The above is just the “X is what percent of Y?” percentage calculation. So, **$5,000 absolute return** on an investment of $10,000 is equal to **50% relative return**. In other words, the rate of return is fifty percent.

Obviously, such investments rarely, if ever, occur in practice. Typically, a fifty percent return can be expected to take several years to achieve. Since different investments often take different amounts of time for the returns to accumulate, it is **useful to have a measure which makes investments with different time to return comparable**.

## Annualized Returns

More often than not, capital investments take years to pay back, which is why calculating the average return on a per year basis is useful to compare investments with different time spans. Say there are two investments with identical absolute return of $5,000 and relative return of 50%, but Investment A takes two years before payback day whereas Investment B takes five years before one can get said return on investment. All other things being equal, the time preference of investors dictates that one would prefer to get their return back sooner rather than later, and this is easily captured by calculating the **simple annualized rate of return** using the formula **Relative Return / Number of Years**:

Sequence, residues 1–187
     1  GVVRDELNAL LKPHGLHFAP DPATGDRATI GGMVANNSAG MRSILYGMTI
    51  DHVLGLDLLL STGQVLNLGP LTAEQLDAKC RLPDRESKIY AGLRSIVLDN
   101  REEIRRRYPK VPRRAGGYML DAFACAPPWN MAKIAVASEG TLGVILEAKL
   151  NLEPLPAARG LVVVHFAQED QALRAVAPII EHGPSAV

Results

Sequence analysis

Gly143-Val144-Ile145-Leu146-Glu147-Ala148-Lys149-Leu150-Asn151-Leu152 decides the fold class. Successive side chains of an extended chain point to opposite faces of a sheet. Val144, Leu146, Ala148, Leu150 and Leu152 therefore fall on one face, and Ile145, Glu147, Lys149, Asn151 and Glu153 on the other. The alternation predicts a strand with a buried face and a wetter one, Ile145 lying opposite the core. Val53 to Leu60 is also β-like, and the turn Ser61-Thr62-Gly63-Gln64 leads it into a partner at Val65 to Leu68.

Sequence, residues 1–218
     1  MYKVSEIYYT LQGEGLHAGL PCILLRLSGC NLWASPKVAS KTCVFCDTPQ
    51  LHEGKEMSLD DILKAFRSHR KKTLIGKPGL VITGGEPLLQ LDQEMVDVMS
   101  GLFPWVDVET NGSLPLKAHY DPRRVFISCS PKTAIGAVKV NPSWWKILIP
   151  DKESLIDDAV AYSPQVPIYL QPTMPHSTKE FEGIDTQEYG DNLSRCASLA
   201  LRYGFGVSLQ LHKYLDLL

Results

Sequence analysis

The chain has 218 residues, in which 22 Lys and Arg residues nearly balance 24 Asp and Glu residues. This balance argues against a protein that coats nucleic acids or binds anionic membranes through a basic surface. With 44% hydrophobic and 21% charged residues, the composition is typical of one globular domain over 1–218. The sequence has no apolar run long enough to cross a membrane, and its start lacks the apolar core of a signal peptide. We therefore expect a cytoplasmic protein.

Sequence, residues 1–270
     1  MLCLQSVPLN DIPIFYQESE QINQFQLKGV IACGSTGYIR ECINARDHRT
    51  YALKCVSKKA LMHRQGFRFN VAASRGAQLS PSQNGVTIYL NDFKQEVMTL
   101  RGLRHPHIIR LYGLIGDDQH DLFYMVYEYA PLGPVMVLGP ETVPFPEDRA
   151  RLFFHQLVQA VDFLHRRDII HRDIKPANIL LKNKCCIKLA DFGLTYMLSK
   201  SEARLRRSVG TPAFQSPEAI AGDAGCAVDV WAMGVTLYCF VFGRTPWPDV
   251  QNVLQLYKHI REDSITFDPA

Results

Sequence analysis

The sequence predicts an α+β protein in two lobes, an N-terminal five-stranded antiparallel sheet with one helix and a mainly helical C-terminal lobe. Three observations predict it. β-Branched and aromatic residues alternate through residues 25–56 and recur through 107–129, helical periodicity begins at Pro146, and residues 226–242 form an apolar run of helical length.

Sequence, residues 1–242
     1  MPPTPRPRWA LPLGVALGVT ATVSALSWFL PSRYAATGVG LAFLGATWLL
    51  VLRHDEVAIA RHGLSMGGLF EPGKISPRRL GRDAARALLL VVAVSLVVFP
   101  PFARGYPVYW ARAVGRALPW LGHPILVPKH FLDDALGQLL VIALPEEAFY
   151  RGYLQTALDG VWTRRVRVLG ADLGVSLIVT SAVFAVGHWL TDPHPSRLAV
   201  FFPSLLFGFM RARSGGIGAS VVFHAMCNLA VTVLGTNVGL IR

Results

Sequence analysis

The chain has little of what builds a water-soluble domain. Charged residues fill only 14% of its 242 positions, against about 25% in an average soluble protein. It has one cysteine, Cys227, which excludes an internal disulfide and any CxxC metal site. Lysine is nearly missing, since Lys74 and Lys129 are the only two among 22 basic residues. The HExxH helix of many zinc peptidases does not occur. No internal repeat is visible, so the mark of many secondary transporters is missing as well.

- For
*Investment A*: 50% / 2 =**25%**per year ($5,000 / 2 = $2,500 per year in absolute terms) - For
*Investment B*: 50% / 5 =**10%**per year ($5,000 / 5 = $1,000 per year in absolute terms)

Note that you might also encounter the “per annum” wording, which is Latin for “per year”, and is often abbreviated as “p.a.”. Also note that returns can also be calculated on a quarterly, monthly, or even weekly basis in much the same way, though these would be less common.

The issue with simple annualized returns is that most investments do not pay in such a manner, but rather the returns are compounded year after year. This is true of stock market investments, mutual funds, certificates of deposit, and many other investment products. Such scenarios call for compound rates of return.

## When to Use Compound Annual Growth Rate (CAGR)

CAGR, short for “Compound Annual Growth Rate”, is the average rate of growth of an asset over a given period of time. It is applicable to all kinds of assets where the returns in one year get compounded into the base of calculating the return in the years following. The most simple example of this is the familiar compound interest calculation.

The basic assumption of CAGR is that there are just two cash flow events: an initial outflow – the investment event, and a final inflow where the invested sum is returned alongside a certain profit. For the same 5-year investment as discussed in the examples above, it would look like this:

Note the absence of cash flows during the investment term. While CAGR is an average rate of growth of the value of the investment on an annual basis, there are no cash flows associated with these interim periods. The calculation is therefore very simple, with the CAGR formula being:

See the “CAGR formula” section in our CAGR calculator page for details about the variables used, but it is basically just raising the relative return to the power of one divided by the number of periods. While this accounts for compounding, obviously no interim cash flows are involved.